Big Data? No antitrust problem for Apple/Shazam

Big Data has been a focus for DG Competition for the last few years.  In particular, the Commission has been interested in mergers involving the acquisition of a company holding valuable data, even if it has low turnover (see here). Apple’s $400 million acquisition of Shazam, approved by the Commission on 6 September 2018, falls squarely within this category.

Shazam is a music recognition app.  Consumers can use Shazam to record a clip of an unknown song playing in a bar or other public place – Shazam turns this into an audio fingerprint and matches this against its database containing the audio fingerprints for millions of songs in order to identify the song playing.  Shazam generates revenue through referring users once a song has been identified to Spotify, iTunes, Google Play music or other streaming services.  Although Shazam has been downloaded over 1 billion times, and is used over 20 million times a day, in 2016 it made a loss of over £3.5 million on revenues of just over $40 million.  Apple isn’t buying Shazam for its profitability, but rather the data it possesses on its millions of users, including which songs they like to listen to and other trends.

There have been a string of mergers in which data has been an issue, starting with Google/DoubleClick in 2008 and including Facebook/WhatsApp in 2014, and Microsoft/LinkedIn in 2016.  In most of these cases, the data-related concerns have centred on potential barriers to entry arising due to the concentration of valuable data in the hands of one company. The Commission looked for example at whether other advertisers would be able to replicate the data held by Google after its acquisition of DoubleClick, or whether access to the LinkedIn database was an essential part of developing advanced customer relationship management technology using machine learning in the Microsoft case.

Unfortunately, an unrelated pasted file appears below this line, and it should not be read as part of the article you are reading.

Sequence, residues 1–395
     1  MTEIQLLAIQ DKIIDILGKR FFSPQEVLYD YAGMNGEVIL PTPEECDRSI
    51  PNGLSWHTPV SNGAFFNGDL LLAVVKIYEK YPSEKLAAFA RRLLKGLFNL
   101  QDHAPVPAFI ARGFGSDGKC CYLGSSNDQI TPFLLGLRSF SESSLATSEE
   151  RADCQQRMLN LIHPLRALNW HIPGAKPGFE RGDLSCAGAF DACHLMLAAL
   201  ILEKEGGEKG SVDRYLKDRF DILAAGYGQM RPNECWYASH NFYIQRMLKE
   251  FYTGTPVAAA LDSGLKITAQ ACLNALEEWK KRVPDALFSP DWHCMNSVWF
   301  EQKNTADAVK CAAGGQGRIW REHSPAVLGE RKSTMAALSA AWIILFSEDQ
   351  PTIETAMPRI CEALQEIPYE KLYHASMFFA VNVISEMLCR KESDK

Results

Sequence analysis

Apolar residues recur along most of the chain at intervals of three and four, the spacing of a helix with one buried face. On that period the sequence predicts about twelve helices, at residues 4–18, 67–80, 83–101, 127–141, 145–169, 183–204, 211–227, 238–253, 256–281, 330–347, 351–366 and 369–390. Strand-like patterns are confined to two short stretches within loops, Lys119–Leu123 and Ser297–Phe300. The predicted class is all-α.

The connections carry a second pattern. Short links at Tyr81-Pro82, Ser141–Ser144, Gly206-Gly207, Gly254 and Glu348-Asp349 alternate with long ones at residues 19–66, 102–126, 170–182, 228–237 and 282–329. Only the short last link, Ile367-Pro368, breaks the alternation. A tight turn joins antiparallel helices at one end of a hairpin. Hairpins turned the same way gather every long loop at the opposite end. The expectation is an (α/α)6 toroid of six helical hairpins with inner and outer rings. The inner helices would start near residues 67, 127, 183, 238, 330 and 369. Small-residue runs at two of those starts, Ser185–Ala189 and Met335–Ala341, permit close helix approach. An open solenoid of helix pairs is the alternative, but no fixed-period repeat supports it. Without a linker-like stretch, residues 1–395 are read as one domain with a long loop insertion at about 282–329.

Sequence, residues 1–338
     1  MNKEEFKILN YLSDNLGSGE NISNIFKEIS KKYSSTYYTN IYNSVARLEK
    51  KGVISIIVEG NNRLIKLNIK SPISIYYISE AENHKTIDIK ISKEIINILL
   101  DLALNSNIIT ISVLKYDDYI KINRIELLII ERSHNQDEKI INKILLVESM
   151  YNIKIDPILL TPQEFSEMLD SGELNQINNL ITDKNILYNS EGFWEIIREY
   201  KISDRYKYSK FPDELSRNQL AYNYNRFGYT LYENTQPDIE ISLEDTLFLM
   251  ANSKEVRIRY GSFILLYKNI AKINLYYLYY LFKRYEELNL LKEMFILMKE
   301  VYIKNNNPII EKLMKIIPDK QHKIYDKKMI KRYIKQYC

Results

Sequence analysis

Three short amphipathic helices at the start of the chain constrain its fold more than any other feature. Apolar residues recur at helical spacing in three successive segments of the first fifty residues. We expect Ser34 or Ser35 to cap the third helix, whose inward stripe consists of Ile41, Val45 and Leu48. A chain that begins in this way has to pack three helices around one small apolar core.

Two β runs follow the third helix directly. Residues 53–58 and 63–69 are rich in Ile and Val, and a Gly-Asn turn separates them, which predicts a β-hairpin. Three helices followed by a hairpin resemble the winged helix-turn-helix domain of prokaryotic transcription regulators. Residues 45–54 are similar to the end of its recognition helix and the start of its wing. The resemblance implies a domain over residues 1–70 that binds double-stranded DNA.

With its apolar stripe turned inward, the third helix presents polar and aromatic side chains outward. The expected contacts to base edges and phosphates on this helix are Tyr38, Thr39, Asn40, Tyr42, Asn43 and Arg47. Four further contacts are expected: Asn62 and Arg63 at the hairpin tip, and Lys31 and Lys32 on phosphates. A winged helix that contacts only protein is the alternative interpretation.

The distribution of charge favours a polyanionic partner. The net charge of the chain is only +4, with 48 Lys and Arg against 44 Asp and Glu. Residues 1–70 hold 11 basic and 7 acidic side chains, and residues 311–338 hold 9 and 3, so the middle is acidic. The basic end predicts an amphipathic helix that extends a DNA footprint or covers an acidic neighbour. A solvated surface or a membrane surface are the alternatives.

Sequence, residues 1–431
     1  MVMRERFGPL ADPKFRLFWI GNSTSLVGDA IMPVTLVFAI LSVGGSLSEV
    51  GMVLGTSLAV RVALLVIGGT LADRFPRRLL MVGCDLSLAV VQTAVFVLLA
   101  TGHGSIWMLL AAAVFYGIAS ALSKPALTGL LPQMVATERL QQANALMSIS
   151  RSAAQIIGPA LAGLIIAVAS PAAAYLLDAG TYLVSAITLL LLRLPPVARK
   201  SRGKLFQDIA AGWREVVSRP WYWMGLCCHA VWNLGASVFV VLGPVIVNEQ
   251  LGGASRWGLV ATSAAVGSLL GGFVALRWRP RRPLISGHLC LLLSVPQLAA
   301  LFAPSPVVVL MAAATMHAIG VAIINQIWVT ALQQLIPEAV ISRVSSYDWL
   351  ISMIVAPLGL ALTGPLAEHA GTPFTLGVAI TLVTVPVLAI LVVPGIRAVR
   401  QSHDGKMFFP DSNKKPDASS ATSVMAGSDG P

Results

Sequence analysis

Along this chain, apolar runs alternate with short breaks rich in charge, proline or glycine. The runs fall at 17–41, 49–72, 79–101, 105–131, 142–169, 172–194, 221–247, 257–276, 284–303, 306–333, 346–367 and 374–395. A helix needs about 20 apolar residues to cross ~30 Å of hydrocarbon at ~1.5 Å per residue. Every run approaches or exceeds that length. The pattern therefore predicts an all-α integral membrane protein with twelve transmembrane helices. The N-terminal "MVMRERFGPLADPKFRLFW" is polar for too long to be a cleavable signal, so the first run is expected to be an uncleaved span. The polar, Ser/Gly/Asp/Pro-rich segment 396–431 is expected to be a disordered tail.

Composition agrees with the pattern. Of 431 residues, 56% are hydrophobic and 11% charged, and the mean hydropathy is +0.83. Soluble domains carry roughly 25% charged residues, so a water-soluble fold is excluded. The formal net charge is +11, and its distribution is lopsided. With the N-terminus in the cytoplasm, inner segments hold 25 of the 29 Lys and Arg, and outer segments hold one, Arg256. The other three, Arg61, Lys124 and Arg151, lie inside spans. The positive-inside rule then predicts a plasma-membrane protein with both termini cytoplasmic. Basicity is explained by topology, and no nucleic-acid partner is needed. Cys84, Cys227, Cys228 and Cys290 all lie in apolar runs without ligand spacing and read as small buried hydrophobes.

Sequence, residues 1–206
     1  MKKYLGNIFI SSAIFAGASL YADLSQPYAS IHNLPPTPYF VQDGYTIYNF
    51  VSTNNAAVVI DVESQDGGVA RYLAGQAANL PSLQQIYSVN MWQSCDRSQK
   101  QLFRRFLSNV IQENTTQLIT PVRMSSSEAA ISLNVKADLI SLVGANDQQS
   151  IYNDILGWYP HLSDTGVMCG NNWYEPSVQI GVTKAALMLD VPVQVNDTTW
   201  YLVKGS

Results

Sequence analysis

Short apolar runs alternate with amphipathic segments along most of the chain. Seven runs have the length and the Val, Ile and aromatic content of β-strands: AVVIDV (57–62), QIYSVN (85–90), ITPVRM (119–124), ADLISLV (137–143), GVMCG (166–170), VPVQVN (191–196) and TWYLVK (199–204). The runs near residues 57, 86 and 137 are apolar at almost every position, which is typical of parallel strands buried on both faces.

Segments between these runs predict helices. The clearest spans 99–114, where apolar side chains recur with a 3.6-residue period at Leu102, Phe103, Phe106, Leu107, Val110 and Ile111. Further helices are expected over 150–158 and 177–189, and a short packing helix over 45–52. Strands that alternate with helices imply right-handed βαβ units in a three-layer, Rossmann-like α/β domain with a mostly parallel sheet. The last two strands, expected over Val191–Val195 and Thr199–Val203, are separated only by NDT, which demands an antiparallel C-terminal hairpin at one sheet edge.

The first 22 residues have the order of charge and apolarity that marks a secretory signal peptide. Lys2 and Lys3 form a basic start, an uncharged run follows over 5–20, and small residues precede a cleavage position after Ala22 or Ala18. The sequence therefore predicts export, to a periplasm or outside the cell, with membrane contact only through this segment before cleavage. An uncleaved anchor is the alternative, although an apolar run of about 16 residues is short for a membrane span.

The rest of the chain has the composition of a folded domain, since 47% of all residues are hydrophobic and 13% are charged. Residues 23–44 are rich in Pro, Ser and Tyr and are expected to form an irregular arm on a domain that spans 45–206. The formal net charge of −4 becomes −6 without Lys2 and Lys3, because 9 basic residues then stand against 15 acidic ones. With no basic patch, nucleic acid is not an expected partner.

In Apple/Shazam the concern was different. The Commission opened a phase II review of the transaction on 23 April 2018 (here) because it was concerned that access to Shazam’s data might enable Apple to target directly the customers of its rivals (such as Spotify or Google Play Music) to encourage them to switch to Apple Music.  Unlike the more general concern in previous cases that it might be harder for new players to enter the market, here the Commission was specifically concerned about the potential for active harm to Apple’s competitors.

However, following its review, the Commission concluded (here) that:

  • Access to Shazam's data would not materially increase Apple's ability to target music enthusiasts and any conduct aimed at making customers switch would only have a negligible impact. 
  • The merged entity would not be able to shut out competing providers of digital music streaming services by restricting access to the Shazam app; the app has a limited importance as an entry point to music streaming services.